NotesFAQContact Us
Search Tips
Peer reviewed Peer reviewed
Direct linkDirect link
ERIC Number: EJ780879
Record Type: Journal
Publication Date: 2007-Sep
Pages: 32
Abstractor: Author
Reference Count: 53
ISSN: ISSN-0364-0213
Spatial and Linguistic Aspects of Visual Imagery in Sentence Comprehension
Bergen, Benjamin K.; Lindsay, Shane; Matlock, Teenie; Narayanan, Srini
Cognitive Science, v31 n5 p733-764 Sep 2007
There is mounting evidence that language comprehension involves the activation of mental imagery of the content of utterances (Barsalou, 1999; Bergen, Chang, & Narayan, 2004; Bergen, Narayan, & Feldman, 2003; Narayan, Bergen, & Weinberg, 2004; Richardson, Spivey, McRae, & Barsalou, 2003; Stanfield & Zwaan, 2001; Zwaan, Stanfield, & Yaxley, 2002). This imagery can have motor or perceptual content. Three main questions about the process remain under-explored, however. First, are lexical associations with perception or motion sufficient to yield mental simulation, or is the integration of lexical semantics into larger structures, like sentences, necessary? Second, what linguistic elements (e.g., verbs, nouns, etc.) trigger mental simulations? Third, how detailed are the visual simulations that are performed? A series of behavioral experiments address these questions, using a visual object categorization task to investigate whether up- or down-related language selectively interferes with visual processing in the same part of the visual field (following Richardson et al., 2003). The results demonstrate that either subject nouns or main verbs can trigger visual imagery, but only when used in literal sentences about real space--metaphorical language does not yield significant effects--which implies that it is the comprehension of the sentence as a whole and not simply lexical associations that yields imagery effects. These studies also show that the evoked imagery contains detail as to the part of the visual field where the described scene would take place. (Contains 9 tables and 2 notes. Table of abstract sentences used in Experiment 5 is appended.)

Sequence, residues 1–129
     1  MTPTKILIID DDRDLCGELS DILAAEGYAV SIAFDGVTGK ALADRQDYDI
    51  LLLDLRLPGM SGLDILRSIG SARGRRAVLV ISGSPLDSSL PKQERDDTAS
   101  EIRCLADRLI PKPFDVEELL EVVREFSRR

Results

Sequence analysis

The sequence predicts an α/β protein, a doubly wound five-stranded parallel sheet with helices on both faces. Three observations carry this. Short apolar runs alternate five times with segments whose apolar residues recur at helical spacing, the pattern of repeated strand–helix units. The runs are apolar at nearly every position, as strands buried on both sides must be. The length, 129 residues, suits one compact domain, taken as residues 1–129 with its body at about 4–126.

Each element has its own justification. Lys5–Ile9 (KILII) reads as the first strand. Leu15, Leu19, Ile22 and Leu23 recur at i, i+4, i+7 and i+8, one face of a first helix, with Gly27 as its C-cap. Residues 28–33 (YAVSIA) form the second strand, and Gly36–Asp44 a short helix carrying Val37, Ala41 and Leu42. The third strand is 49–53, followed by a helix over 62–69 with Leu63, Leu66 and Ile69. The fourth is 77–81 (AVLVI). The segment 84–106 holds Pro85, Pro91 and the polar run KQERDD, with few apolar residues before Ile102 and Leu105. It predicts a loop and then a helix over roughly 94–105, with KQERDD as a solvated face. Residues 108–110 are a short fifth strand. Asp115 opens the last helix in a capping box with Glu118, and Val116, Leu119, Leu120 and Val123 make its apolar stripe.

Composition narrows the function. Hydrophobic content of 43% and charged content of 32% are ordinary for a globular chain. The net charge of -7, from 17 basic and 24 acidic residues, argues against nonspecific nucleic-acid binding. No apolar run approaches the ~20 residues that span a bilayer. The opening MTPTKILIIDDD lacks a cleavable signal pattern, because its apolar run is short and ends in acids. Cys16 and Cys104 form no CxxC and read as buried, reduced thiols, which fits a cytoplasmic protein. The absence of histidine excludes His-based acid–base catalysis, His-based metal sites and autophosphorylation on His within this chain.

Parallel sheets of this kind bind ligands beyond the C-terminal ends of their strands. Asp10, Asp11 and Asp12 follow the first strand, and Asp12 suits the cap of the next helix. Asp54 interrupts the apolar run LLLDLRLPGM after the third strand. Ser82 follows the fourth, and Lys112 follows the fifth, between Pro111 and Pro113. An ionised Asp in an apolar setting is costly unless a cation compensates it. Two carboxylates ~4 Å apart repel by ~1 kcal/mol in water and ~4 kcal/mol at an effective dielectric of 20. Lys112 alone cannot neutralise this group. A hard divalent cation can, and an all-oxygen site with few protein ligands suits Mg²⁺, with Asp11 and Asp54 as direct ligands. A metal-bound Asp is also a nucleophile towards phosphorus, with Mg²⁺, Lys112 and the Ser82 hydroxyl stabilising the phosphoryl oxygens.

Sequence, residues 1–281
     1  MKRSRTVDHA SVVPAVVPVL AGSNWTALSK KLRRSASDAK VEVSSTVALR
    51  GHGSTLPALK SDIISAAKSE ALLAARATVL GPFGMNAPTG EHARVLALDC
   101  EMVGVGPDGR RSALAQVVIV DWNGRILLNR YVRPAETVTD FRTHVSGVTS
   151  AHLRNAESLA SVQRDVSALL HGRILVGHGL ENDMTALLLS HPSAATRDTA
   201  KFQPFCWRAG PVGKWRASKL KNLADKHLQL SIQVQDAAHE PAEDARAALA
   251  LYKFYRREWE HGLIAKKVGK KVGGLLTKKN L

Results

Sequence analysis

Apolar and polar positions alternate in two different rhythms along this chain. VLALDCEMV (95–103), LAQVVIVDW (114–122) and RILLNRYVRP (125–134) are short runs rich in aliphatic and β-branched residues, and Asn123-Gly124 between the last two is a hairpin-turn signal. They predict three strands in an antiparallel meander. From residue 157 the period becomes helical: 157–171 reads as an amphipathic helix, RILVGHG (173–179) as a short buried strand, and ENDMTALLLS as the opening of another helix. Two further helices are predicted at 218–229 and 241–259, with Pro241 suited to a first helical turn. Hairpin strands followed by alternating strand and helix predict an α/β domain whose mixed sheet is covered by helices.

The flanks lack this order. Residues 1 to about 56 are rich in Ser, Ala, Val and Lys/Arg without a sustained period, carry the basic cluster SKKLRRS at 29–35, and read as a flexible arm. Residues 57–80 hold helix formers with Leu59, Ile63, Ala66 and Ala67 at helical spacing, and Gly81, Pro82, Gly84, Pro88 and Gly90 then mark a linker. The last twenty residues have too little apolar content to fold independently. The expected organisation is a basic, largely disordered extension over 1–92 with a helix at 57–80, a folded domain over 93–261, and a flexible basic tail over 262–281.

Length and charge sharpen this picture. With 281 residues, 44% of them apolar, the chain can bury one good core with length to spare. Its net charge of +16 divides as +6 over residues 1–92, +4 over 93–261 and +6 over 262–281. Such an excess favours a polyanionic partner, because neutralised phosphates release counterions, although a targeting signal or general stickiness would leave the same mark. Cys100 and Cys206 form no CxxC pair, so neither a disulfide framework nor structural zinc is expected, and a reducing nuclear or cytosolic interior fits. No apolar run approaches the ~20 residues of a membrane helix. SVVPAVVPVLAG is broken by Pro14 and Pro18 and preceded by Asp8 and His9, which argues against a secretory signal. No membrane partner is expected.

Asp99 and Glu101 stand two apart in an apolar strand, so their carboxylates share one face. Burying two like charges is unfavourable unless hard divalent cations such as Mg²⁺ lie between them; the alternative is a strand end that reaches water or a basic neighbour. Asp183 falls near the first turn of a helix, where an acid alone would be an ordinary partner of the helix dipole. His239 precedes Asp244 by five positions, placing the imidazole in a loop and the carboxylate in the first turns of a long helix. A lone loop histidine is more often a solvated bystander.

Lawrence Erlbaum. Available from: Taylor & Francis, Ltd. 325 Chestnut Street Suite 800, Philadelphia, PA 19106. Tel: 800-354-1420; Fax: 215-625-2940; Web site:
Publication Type: Journal Articles; Reports - Research
Education Level: N/A
Audience: N/A
Language: English
Sponsor: N/A
Authoring Institution: N/A